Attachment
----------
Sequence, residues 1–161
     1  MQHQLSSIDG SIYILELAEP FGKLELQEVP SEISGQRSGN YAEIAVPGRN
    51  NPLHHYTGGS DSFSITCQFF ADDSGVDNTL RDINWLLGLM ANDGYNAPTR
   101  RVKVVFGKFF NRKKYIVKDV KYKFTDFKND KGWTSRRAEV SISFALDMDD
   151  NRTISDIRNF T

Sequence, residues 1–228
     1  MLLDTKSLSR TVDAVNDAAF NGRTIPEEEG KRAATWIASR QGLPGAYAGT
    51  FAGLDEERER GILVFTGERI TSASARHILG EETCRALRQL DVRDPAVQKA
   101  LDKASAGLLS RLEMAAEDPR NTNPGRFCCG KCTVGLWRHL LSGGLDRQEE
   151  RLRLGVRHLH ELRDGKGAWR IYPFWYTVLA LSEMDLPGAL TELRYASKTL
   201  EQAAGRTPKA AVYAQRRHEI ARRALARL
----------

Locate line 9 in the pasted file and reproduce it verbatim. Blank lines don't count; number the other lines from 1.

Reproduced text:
   101  LDKASAGLLS RLEMAAEDPR NTNPGRFCCG KCTVGLWRHL LSGGLDRQEE